A week ago I spoke at a conference where I anticipated running into some employees of my former organization — employees who used to report to me. I was nervous about this, because I hadn’t been allowed to say goodbye to them properly before I left, and I didn’t know what they might have been told. I figured some of them might be angry with me — some perhaps justified, others not. I fear people being angry with me.
I went prepared to be professional and stay in the moment for whatever showed up. I was pleasantly surprised that two of them ran up to me during the informal breakfast meeting to say hello. One of these was no surprise, but the other…? I had no reason to believe she lacked affection or respect for me, but she certainly wasn’t one I imagined would run up to me during a breakfast meeting to say hi! I accompanied them to the large, round table where the rest of my former staff sat. I was relaxed and met their kind, energetic gazes with the same. I felt genuinely happy to see their bright faces, and hear them doing well. I spent a moment with each one, reconnecting, complimenting and catching up. I’d almost gotten to the end of the table when the last two got up and excused themselves.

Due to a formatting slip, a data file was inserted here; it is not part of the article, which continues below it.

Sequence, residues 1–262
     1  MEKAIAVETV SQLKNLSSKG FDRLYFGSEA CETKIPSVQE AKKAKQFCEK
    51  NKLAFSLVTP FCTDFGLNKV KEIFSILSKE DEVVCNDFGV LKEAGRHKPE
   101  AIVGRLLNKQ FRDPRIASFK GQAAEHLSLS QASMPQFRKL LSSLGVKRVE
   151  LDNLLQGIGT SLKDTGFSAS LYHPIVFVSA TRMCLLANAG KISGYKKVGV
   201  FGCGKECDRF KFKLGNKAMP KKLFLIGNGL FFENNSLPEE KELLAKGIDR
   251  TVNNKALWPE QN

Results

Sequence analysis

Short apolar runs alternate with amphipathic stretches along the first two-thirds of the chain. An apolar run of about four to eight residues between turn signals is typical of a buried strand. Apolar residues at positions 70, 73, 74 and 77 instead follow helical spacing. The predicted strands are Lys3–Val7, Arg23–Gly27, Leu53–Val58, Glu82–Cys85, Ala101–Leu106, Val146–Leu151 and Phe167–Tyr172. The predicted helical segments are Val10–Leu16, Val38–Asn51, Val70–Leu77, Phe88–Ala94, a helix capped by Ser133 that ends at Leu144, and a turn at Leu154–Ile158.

Frankly, that wasn’t entirely a surprise, not from those two. They were both excellent at their work, but had had some conflicts with others and with me. Employee A had been aggressive with her coworkers, conniving, occasionally inappropriate, and an outright liar. I had worked hard on our relationship, exerted effort to constantly question my interpretations of her behavior, and strove to openly dialogue with her, actively problem solve with her, and get her to consider other points of view. I thought we’d made headway. Employee C had been very cool and inaccessible at first, but after a few months seemed to warm up and trust me. She was even friendly at times, and once brought a situation to my attention that painted her in an unflattering light. She owned a mistake and allowed herself to be vulnerable with me when she could have easily chosen not to.